CEO Sharon Price John says Build-A-Bear’s old e-commerce system is a big reason for disappointing online sales in December.
The e-retailer has 140,000 brand evangelists who can offer coupon codes.
Streetwear retailer Karmaloop has increased its online sales rapidly in recent years by connecting with its base of young adults and offering apparel that fits their lifestyles from brands like Mighty Healthy and Free People. The retailer, No. 138 in the Internet Retailer Top 500, did $130 million in sales in 2011, up 81% from an estimated $72 million in 2010.
Helping to drive that growth is an army of 140,000 independent reps, or customer evangelists, who spread the word about Karmaloop through means including handing out fliers on street corners, writing about the retailer and its brands on blogs, and distributing coupons.
“They’re our street team,” says Megan Knisely, director of affiliate marketing. “They’re brand evangelists who love our brand and spread the word about it. We think of them as an extension of our work force.”
In 2012, she says, these Karmaloop street reps accounted for 25% of Karmaloop’s overall revenue. The retailer’s 2012 revenue figure wasn’t available, though Karmaloop says its street reps also accounted for about one-quarter of 2011 revenue of $130 million, or more than $30 million.
Karmaloop provides its advocates with a web site at repteam.karmaloop.com, where they can sign up as reps, receive their own rep code, and learn how to distribute their rep code as part of Karmaloop coupons to people they meet on the street or online via their own blogs or other sites where Karmaloop doesn’t already have exposure. Coupon recipients get 20% off purchases on Karmaloop.com; street reps earn points, based on the amount spent by shoppers with those coupons, that they can redeem for cash or Karmaloop products.
With coupon-code monitoring software from BrandVerity, the retailer also closely monitors its street reps’ placement of online coupons, to ensure that they play by the rules. If a rep distributes her rep code through a popular coupon site such as RetailMeNot, where Karmaloop already advertises, for example, the retailer will get an alert on an online dashboard, then inform the rep to remove her code from the site. “We want reps to reach new audiences we haven’t reached yet, and we want to be able to give the credit to the reps who are doing a fantastic job of spreading the word about Karmaloop,” Knisely says.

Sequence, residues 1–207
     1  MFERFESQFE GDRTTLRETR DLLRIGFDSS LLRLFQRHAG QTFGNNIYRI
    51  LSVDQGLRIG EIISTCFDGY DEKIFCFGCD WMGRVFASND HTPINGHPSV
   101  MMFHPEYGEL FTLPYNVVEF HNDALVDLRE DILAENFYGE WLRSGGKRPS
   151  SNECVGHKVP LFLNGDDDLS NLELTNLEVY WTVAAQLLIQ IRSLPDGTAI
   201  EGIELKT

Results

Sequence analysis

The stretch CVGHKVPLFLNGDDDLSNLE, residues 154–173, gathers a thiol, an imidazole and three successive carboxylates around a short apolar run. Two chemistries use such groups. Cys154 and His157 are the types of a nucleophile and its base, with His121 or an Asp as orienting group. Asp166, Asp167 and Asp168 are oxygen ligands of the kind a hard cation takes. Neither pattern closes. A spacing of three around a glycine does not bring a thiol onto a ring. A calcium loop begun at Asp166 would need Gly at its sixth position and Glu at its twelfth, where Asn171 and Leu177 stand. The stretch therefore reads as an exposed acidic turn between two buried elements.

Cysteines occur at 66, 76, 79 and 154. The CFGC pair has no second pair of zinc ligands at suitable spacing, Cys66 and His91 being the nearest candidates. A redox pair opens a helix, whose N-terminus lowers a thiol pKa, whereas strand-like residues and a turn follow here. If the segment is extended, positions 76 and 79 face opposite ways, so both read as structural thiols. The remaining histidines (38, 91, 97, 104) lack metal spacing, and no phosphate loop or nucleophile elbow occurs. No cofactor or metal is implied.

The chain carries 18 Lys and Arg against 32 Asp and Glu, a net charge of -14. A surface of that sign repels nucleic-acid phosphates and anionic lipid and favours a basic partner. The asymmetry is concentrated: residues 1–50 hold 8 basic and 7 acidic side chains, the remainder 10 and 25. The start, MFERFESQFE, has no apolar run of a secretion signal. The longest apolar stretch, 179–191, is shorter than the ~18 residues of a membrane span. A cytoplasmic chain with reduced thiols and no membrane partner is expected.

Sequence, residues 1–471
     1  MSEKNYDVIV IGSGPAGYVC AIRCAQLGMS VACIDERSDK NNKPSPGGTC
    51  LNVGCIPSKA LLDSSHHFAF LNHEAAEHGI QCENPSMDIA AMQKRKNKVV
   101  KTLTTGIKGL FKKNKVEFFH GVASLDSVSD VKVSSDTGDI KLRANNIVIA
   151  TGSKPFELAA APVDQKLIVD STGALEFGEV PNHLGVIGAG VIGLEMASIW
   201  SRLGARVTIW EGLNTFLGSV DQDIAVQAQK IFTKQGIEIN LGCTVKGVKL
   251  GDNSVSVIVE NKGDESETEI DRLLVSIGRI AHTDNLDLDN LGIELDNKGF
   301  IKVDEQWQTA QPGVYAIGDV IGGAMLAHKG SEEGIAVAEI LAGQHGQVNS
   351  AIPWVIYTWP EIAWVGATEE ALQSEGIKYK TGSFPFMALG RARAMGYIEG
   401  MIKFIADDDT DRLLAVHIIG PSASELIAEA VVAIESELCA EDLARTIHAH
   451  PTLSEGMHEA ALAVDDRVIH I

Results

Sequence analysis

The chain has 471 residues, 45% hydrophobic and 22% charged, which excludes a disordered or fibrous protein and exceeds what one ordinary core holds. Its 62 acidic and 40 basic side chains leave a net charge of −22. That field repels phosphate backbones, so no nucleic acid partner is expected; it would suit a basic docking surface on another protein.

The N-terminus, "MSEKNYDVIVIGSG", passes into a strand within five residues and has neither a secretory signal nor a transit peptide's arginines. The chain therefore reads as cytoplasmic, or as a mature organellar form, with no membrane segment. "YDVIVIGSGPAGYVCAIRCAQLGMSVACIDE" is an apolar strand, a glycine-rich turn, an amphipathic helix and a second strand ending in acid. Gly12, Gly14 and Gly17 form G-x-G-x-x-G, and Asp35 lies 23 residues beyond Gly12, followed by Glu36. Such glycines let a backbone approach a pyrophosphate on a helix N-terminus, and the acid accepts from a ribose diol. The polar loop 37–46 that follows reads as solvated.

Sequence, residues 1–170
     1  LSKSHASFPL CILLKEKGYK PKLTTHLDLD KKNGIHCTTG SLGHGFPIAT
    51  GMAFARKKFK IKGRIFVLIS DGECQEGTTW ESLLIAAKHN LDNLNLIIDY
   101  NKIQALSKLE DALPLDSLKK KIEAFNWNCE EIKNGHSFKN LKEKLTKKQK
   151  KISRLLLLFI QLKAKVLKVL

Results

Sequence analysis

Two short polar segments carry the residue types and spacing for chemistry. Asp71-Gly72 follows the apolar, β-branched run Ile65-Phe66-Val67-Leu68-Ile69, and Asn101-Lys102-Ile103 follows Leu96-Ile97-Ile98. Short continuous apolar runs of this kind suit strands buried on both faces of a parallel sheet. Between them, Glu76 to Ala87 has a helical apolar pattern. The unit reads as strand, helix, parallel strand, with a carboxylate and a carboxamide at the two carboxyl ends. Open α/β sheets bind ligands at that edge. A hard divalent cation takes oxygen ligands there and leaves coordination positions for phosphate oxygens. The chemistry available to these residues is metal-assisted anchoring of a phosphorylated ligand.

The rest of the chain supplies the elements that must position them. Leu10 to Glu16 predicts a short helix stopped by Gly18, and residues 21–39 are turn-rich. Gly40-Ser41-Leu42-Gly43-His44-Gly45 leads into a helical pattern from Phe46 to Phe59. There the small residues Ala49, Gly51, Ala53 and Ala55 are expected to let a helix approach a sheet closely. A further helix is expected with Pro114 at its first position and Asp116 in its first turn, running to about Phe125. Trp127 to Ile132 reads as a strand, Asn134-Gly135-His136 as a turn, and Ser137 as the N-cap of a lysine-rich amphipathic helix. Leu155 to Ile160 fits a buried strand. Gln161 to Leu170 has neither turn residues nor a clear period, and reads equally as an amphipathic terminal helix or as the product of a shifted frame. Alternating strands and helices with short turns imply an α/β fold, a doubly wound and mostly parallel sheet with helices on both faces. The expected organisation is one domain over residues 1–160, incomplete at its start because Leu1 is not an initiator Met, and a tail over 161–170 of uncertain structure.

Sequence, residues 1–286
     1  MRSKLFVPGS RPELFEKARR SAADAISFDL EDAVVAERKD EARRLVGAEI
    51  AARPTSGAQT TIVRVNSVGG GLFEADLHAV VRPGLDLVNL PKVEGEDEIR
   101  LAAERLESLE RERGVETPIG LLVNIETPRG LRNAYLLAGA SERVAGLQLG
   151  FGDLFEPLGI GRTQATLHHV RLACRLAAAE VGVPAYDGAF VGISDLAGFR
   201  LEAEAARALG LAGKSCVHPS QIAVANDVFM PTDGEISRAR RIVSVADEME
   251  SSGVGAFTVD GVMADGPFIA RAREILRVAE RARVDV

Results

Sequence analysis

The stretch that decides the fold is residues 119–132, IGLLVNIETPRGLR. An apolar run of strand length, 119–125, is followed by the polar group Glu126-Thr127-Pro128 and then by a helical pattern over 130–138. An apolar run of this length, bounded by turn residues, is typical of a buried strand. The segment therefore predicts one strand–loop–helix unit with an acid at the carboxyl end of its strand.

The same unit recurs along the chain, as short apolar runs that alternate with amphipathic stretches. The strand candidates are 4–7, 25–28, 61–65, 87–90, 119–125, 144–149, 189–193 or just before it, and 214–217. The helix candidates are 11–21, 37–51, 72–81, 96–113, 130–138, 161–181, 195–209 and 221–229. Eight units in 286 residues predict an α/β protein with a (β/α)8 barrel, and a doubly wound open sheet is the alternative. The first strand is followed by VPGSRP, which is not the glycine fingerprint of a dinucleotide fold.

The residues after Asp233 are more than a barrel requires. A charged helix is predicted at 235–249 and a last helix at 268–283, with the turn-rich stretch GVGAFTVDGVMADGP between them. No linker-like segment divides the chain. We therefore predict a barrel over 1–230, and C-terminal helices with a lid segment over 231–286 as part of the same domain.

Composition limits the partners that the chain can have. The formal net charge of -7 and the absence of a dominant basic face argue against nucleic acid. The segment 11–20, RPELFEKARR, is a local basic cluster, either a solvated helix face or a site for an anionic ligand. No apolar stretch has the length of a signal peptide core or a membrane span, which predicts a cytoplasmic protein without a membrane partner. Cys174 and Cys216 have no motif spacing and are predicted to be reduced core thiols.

“We have a three-strike rule,” adds Danii Frazier, affiliate marketing assistant at Karmaloop.” If they use their rep codes outside of the rules three times, we suspend them.”
Karmaloop typically checks the BrandVerity dashboard once a week and may find 30 or 40 reps operating outside of its rules. Most make amends to stay within the program. “Sometimes we get repeat offenders,” Frazier says. “But normally reps are willing to work with us; it’s why they’re here.”
BrandVerity, which launched its coupon-code monitoring software in January, provides it over the Internet as a software-as-a-service for which retailers pay a monthly fee based on usage. The fee starts out at about $250 per month for a retailer monitoring once a day one brand with about 25 codes, according to Sam Engel, marketing manager for BrandVerity. The fee rises with the number of brands, codes and monitoring frequency, he adds.